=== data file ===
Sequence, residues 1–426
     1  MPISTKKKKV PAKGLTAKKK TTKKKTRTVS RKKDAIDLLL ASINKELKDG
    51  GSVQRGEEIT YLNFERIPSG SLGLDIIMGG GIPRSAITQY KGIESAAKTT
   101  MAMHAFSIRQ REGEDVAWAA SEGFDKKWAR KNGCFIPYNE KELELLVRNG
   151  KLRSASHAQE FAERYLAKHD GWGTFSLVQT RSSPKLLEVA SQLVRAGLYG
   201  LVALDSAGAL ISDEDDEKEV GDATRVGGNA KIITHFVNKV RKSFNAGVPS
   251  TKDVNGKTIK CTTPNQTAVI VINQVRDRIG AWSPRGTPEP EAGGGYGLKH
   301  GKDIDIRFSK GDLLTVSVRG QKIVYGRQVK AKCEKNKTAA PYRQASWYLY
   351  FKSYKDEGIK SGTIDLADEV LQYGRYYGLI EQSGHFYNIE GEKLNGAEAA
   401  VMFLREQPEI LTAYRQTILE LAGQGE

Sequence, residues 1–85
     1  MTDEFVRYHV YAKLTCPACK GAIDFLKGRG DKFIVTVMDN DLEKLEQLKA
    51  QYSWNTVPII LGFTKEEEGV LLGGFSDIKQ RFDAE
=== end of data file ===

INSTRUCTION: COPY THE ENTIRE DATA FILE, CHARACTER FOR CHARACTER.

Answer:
Sequence, residues 1–426
     1  MPISTKKKKV PAKGLTAKKK TTKKKTRTVS RKKDAIDLLL ASINKELKDG
    51  GSVQRGEEIT YLNFERIPSG SLGLDIIMGG GIPRSAITQY KGIESAAKTT
   101  MAMHAFSIRQ REGEDVAWAA SEGFDKKWAR KNGCFIPYNE KELELLVRNG
   151  KLRSASHAQE FAERYLAKHD GWGTFSLVQT RSSPKLLEVA SQLVRAGLYG
   201  LVALDSAGAL ISDEDDEKEV GDATRVGGNA KIITHFVNKV RKSFNAGVPS
   251  TKDVNGKTIK CTTPNQTAVI VINQVRDRIG AWSPRGTPEP EAGGGYGLKH
   301  GKDIDIRFSK GDLLTVSVRG QKIVYGRQVK AKCEKNKTAA PYRQASWYLY
   351  FKSYKDEGIK SGTIDLADEV LQYGRYYGLI EQSGHFYNIE GEKLNGAEAA
   401  VMFLREQPEI LTAYRQTILE LAGQGE

Sequence, residues 1–85
     1  MTDEFVRYHV YAKLTCPACK GAIDFLKGRG DKFIVTVMDN DLEKLEQLKA
    51  QYSWNTVPII LGFTKEEEGV LLGGFSDIKQ RFDAE